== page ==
These London Restaurants pack a punch in design and flavour
London is a city known for its culture, design, and food scene. On our continued search for the less ordinary, we’re shining a light on the restaurants that bring together those three aspects to create an unforgettable dining experience. Read on as we share the new London restaurants that have delivered on both design and flavour. Because if you’re looking for a Less Ordinary dining experience, why not pop into a restaurant that’s not just a feast for the belly, but a feast for the eyes too? 
1. Cornerstone
Image by Holland and Harvey Architects
When Tom Brown decided to step out of Nathan Outlaw’s Michelin-starred kitchens and into one of his own, the food world was eagerly waiting to see what he would come up with.
His debut restaurant, Cornerstone, is named after his favourite Arctic Monkeys song, and pays homage to the produce and gin of his hometown of Cornwall. Not only is Brown an Outlaw protégé, but he also featured in last year’s Great British Menu. His menu at Cornerstone features dishes such as cured sea bream with lime pickle and coconut yoghurt, and Cornish mille feuille with strawberry, saffron, and clotted cream. 
Holland Harvey Architects were given the responsibility to design a space that connects Brown’s Cornish heritage with the industrial history of Hackney Wick. They describe the kitchen as being the central focus of the restaurant. Tables are arranged around the kitchen so that all diners have theatre-style viewing of the stage from which Brown and his team perform every night. As a project that is near and dear to the chef’s heart, the restaurant was designed to reflect both his upbringing and his journey through food.
2. JoleneImages by Patricia Niven Photography
Voted Eater London’s most beautiful restaurant of 2018, Jolene is a newcomer that is certainly firing on all cylinders. Jeremie Cometto-Lingenheim and David Gingell, the duo behind Primeur and Westerns Laundry, teamed up with DJ-turned-farmer Andy Cato, to bring the sustainable bakery/café/restaurant to Newington Green.
To say that Jolene oozes with unassuming East London cool would be an understatement. Everything is made from scratch everyday and they use 100% unaltered grains. Designed by Cometto-Lingenheim himself, the café’s lyme-washed, plastered walls and exposed pipes give off a raw, distressed vibe.
According to Jeremy and David, “Our approach at Primeur and Westerns Laundry has always been attuned to the need for sourcing well-farmed produce that’s ethically grown with soil fertility in mind and tended with care…We’re bringing the same values and narrative to Jolene, this time with breads baked with Andy’s incredible grains and inspired by his passion for sustainable, efficient and sensical farming methods.”
3. EkteImages by Jade Nina Sarkhel
Set in the stunning Bloomberg Arcade, Ekte is a Nordic kitchen which promises to give guests a true taste of the North. The restaurant’s name comes from a Norwegian word meaning “genuine” or “real”. Through his new outpost, owner Soren Jessen aims to bring simple, ingredients-focused dishes to London. The menu includes traditional Scandinavian sandwich options on house rye bread, roasted root vegetable salads, grilled duck hearts with pickled gooseberry, watercress salad and sourdough toast, and a rack of lamb with a rustic Swedish casserole and green wave mustard.
The glass-fronted space was designed by Danish studio JLKDS and has a central food bar, open kitchen, and outdoor seating for warmer months. The interiors are sleek and simple and include design elements like oak and marble table tops, Werner chairs, Danish lighting, and a leather banquette curving along one of the walls. According to Jessen, the restaurant is all about "Pure, clean, simple, edgy, elegant, cool. The materials used are a mix of polished steel walls and patinated brass details.  Smoked nordic oak tabletops are mixed with white-grey polished granite. The surfaces are earthy and tactile with a charred wall and a mounted steel framed fireplace." And when asked where he goes for a meal, he says it's "Rochelle Canteen by Margot Henderson in the summer, The Ladbroke Arms in winter or Kitty Fisher’s."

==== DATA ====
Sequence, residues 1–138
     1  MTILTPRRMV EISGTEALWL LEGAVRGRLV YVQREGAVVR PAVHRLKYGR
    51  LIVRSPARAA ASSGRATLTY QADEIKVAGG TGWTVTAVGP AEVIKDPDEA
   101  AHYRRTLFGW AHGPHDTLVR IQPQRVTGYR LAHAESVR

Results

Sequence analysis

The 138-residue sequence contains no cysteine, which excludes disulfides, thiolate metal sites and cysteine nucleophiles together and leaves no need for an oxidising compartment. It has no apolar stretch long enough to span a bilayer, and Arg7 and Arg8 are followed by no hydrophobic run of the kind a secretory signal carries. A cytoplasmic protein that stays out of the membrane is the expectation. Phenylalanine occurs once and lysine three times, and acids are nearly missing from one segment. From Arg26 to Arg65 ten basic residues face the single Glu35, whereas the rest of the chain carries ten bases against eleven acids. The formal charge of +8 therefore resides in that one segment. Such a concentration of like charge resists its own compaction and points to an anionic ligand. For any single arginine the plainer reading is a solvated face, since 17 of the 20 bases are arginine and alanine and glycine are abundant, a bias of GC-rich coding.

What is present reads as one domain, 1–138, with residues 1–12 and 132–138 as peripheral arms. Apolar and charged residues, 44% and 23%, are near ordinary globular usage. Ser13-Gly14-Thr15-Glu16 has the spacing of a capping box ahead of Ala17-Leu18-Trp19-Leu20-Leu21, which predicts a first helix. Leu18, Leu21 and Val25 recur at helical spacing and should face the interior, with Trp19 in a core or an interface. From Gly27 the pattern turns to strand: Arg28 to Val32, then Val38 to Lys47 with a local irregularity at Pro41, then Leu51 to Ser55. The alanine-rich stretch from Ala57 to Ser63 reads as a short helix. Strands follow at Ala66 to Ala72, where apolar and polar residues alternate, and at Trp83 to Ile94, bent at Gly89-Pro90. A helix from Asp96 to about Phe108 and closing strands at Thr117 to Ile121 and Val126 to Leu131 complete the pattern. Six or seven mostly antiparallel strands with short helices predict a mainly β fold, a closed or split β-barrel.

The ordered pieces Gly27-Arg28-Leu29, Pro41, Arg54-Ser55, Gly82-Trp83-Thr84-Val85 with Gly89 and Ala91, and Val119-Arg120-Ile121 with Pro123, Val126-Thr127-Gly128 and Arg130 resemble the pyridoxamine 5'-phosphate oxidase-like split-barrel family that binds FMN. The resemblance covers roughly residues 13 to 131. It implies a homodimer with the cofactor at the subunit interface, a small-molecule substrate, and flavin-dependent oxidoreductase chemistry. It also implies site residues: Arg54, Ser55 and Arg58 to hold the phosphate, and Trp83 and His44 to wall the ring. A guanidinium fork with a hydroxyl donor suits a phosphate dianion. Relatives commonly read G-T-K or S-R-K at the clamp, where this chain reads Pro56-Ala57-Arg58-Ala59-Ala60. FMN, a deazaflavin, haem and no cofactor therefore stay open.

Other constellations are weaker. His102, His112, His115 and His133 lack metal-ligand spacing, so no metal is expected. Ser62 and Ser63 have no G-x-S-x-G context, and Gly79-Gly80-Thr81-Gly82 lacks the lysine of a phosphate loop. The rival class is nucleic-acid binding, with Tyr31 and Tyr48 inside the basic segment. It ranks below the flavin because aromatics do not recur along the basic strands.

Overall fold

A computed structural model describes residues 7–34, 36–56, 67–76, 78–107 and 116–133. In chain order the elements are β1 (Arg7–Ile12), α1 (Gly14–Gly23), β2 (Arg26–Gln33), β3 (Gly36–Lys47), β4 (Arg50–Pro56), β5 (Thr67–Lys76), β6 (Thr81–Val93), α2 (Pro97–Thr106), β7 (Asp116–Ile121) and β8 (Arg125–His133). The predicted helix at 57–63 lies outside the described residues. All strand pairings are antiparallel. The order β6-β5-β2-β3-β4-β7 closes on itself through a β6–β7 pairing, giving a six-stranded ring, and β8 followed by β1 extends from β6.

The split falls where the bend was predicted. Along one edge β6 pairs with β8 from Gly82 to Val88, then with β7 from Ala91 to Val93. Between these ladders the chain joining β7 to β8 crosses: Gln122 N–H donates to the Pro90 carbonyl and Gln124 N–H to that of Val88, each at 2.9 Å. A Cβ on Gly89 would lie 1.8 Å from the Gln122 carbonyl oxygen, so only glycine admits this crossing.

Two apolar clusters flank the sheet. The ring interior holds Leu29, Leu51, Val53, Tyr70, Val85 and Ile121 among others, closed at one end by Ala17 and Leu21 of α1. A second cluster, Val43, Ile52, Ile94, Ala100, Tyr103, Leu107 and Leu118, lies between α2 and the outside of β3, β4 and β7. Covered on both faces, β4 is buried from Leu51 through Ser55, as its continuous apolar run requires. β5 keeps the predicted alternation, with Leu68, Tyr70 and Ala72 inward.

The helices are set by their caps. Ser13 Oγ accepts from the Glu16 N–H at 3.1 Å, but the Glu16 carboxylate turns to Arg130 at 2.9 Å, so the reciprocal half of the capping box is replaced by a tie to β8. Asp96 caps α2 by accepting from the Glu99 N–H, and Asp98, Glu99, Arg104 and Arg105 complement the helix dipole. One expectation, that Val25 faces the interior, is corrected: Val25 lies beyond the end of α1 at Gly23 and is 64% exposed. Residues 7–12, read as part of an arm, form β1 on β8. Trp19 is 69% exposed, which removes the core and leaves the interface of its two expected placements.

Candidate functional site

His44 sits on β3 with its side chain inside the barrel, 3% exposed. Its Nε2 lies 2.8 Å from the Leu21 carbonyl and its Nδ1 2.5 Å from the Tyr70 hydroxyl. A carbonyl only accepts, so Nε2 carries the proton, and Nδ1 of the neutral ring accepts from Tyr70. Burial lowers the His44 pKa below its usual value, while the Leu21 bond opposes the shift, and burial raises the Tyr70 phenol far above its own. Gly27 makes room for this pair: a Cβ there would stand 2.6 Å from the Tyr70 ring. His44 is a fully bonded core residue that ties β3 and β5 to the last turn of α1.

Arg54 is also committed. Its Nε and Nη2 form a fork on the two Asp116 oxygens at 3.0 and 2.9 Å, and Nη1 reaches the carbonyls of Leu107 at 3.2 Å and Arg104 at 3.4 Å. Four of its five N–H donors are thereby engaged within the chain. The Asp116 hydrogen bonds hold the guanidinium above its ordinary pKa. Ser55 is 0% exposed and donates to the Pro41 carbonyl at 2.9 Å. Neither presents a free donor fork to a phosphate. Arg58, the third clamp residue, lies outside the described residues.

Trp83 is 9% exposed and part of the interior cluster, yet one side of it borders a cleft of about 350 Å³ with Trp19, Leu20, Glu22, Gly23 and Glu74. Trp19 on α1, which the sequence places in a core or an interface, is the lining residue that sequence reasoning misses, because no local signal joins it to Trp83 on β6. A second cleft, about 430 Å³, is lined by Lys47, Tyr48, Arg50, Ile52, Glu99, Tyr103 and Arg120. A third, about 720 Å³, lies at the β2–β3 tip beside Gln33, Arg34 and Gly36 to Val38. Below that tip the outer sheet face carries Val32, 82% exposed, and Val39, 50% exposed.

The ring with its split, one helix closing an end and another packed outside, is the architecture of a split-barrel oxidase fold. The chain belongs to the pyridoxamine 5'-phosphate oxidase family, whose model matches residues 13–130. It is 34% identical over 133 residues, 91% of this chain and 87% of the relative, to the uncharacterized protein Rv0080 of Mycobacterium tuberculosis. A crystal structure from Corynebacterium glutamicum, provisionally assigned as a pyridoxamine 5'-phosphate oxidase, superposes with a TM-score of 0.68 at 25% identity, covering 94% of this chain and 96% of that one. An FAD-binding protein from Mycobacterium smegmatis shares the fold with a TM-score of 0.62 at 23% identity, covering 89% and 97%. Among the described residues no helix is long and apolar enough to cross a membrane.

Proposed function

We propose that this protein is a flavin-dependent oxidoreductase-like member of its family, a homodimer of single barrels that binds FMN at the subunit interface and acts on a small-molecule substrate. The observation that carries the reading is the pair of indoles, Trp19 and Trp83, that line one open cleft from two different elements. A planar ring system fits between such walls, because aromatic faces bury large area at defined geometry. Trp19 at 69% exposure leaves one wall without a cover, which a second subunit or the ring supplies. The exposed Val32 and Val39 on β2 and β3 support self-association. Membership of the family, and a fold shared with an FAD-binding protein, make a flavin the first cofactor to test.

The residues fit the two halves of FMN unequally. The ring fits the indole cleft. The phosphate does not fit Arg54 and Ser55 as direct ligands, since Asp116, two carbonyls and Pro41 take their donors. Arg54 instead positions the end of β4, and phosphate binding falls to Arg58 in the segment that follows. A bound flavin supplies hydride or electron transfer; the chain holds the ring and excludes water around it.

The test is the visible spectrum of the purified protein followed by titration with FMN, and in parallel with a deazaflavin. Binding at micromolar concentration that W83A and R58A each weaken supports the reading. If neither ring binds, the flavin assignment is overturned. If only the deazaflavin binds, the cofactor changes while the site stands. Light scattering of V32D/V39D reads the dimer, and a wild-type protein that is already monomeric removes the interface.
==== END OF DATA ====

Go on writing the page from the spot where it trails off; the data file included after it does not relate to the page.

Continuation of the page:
4. Bar Douro
Though not exactly a new opening, we thought it was important to give props to Portuguese wine bar and restaurant Bar Douro located in the new Flat Iron Square development in London Bridge. Architect and interior designer Steph Gallia was called in to bring owner Max Graham’s childhood memories of traveling through the Douro Valley to life. Drawing inspiration from the traditional cervejarias (breweries) and tascas (taverns) of Lisbon and Porto, Bar Douro’s interiors showcase distinctly Portuguese features such as the bespoke blue and white Azulejo tiles by Ceramica Bicesse, an Aveiro Portuguese marble bar, copper light fittings, and Portuguese granite skirting as an homage to the exposed granite buildings in Porto.
Their small plates-focused menu includes traditional dishes like croquettes de alheira (Portuguese smoked sausage croquettes), octopus with sweet potato, and grilled black pig choriço with pickled red cabbage.
Speaking on what they represent, Bar Douro tells us: “Our ethos is traditional and authentic Portuguese small plates and beautifully sourced wines, all from Portuguese suppliers. Exploring key wine growing regions and highlighting the huge range of native grape varieties that Portugal has to offer, Max is working closely with independent winemakers importing a selection of wines not currently available in the UK.”
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Words by Ina Yulo

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